This week witnessed numerous notable developments in the AI and crypto industry, making it a significant time for both sectors. Here’s a recap of the major announcements you might have overlooked!
Worldcoin Launch Fuels Controversy Over Data Privacy and the Future of AI
The launch of Worldcoin, a digital ID crypto project, has sparked a debate over the future of decentralized identity and artificial intelligence (AI). The project aims to create a digital identity system based on iris scanning to differentiate humans from AI online. It claims to protect data privacy by using a decentralized blockchain and generating zero-knowledge proofs. However, it has faced criticism from privacy activists, cybersecurity experts, and crypto enthusiasts over concerns about data collection and informed consent.
Worldcoin’s launch saw significant sign-ups, but early reports suggested a lackluster response. The project is not available in the United States and primarily targets countries with fewer privacy regulations. Regulatory bodies in the United Kingdom and the European Union have expressed interest in investigating the project’s data collection methods. As AI technology continues to evolve, regulators will need to develop dynamic frameworks to ensure user privacy and security in such ventures.
Overall, Worldcoin’s launch has ignited discussions about the future of data privacy, AI, and the potential risks and benefits of centralized biometric databases.
Alibaba Unveils Open-Source AI Models Qwen-7B and Qwen-7B-Chat to Compete with Meta’s Llama 2
Chinese tech and e-commerce giant Alibaba has released two open-sourced artificial intelligence (AI) models, Qwen-7B, and Qwen-7B-Chat, from its cloud computing department. Each model contains 7 billion parameters and is a smaller version of the previously released Tongyi Qiawen. The aim is to introduce AI to small and medium-sized businesses, offering various capabilities such as coding, model weights, and documentation freely accessible to academics, researchers, and commercial institutions globally.
Notably, these are the first open-sourced large language models (LLMs) from a Chinese tech company. However, businesses with over 100 million monthly active users will require a license. This release comes in response to Meta’s launch of its own open-sourced LLM, Llama 2, which features 70 billion parameters and necessitates a license for companies with over 700 million monthly users.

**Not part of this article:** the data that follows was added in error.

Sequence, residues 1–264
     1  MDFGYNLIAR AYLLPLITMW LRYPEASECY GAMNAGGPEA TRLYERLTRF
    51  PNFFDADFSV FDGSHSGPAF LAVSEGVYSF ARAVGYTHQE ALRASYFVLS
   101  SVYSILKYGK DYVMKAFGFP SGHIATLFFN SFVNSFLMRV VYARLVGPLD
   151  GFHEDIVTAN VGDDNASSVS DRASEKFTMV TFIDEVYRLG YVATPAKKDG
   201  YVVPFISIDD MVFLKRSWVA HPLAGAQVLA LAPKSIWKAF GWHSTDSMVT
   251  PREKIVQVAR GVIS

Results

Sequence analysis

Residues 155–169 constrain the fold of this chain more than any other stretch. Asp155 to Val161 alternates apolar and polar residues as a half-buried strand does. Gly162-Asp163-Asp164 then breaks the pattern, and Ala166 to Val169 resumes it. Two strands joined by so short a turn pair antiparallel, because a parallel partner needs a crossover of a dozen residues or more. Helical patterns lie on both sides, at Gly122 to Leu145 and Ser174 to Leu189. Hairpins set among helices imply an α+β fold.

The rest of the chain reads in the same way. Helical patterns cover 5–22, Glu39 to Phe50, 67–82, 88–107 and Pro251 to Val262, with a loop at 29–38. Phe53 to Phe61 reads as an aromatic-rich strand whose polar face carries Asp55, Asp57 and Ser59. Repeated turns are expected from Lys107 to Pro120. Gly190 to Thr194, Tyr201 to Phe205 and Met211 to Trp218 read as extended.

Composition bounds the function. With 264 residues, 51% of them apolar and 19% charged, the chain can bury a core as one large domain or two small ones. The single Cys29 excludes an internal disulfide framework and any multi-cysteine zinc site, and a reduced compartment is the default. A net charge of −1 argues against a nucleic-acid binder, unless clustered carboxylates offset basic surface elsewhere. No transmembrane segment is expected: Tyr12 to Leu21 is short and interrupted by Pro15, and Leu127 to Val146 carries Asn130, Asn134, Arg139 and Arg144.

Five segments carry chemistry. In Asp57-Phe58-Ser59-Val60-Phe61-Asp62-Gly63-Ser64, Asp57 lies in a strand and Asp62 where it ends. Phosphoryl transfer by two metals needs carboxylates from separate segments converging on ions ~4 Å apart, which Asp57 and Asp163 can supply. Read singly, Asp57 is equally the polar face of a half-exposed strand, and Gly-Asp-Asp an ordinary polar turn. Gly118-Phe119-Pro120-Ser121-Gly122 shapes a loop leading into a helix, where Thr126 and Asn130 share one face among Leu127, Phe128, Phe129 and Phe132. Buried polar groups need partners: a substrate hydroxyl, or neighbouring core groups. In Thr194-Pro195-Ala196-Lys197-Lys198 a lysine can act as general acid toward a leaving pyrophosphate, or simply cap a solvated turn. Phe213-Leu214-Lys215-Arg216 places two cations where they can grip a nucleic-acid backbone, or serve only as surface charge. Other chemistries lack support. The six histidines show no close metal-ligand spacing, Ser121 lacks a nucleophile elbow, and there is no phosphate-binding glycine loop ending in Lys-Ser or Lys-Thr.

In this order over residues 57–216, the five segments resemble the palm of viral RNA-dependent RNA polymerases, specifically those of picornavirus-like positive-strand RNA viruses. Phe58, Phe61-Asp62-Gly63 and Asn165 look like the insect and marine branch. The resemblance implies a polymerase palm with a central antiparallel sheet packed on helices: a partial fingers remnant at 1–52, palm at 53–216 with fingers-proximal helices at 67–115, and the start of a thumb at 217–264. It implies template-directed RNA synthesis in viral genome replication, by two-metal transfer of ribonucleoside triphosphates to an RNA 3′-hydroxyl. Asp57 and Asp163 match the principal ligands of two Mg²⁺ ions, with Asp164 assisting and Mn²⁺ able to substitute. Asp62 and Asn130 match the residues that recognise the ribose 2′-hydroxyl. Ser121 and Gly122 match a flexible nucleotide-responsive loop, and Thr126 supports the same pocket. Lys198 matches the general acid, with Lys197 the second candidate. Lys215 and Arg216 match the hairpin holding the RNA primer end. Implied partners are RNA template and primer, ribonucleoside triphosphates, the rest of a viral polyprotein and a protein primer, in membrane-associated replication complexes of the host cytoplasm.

Samsung and Hyundai Lead $100 Million Funding Round for AI Chip Developer Tenstorrent
Tenstorrent, an AI chip developing company, has successfully closed a funding round worth $100 million, with major manufacturing companies Samsung and Hyundai taking the lead. The funding round saw $30 million from Hyundai, $20 million from Kia, and $50 million from the Catalyst Fund by Samsung, along with other participating investors such as Fidelity Ventures, Eclipse Ventures, and Maverick Capital. Led by CEO Jim Keller, who has previously developed AI chips for tech giants like Apple, Intel, and Tesla, Tenstorrent plans to use the funds to accelerate product development, design and develop AI chipsets, and advance its machine learning software roadmap.
The investment comes amid fierce competition in the AI chip market, with companies like Nvidia being the current leader. However, the industry is also facing export restrictions, with the U.S. subjecting companies to limitations primarily targeting China, one of the major markets for these chips.
Goldman Sachs Predicts AI Investment Boom Surpassing Electricity and PCs, Anticipating $200B Investment by 2025
Economists at Goldman Sachs have projected that artificial intelligence (AI) investment could have a more substantial financial impact on the American economy than previous technological revolutions like electricity and personal computers. The investment banking giant’s report suggests that AI may attract up to $200 billion in global investments by 2025, with half of that amount in the United States, potentially boosting the country’s gross domestic product (GDP) by up to 4%.
The expected gains are largely attributed to rapid advancements in generative AI technology, such as OpenAI’s ChatGPT, with enormous economic potential to enhance global labor productivity. However, for businesses to benefit from these gains, significant upfront investments in physical, digital, and human capital will be required to adopt and implement new technologies and reshape processes. The report highlights the increasing integration of AI by companies, particularly in the United States, positioning the nation as a market leader in AI technology and potentially leading to a significant investment impact post-2025.
Grammy CEO Harvey Mason Jr. Discusses AI’s Role as a ‘Creative Amplifier’ in the Music Industry
Harvey Mason Jr., CEO of the Recording Academy, recently discussed the integration of artificial intelligence (AI) in the music industry. The Recording Academy updated its guidelines for the Grammy Awards nominations to include AI-generated music, allowing it to be nominated but emphasizing that the human contribution must be significant, particularly in categories like songwriting. Mason believes that AI can act as a “creative amplifier” rather than a replacement for human creativity. He mentioned examples of AI being used in music production tasks, like frequency analysis and vocal cleanup.
While AI’s potential excites him, he emphasizes the need for fair and inclusive practices to ensure artists receive proper credit and compensation. Mason believes that while AI may create innovative music, the human experience and emotion in music cannot be fully replicated by AI. The future of music may involve a symbiosis between AI and human creativity.
These are some of the latest developments in the Artificial Intelligence industry! Stay tuned for more!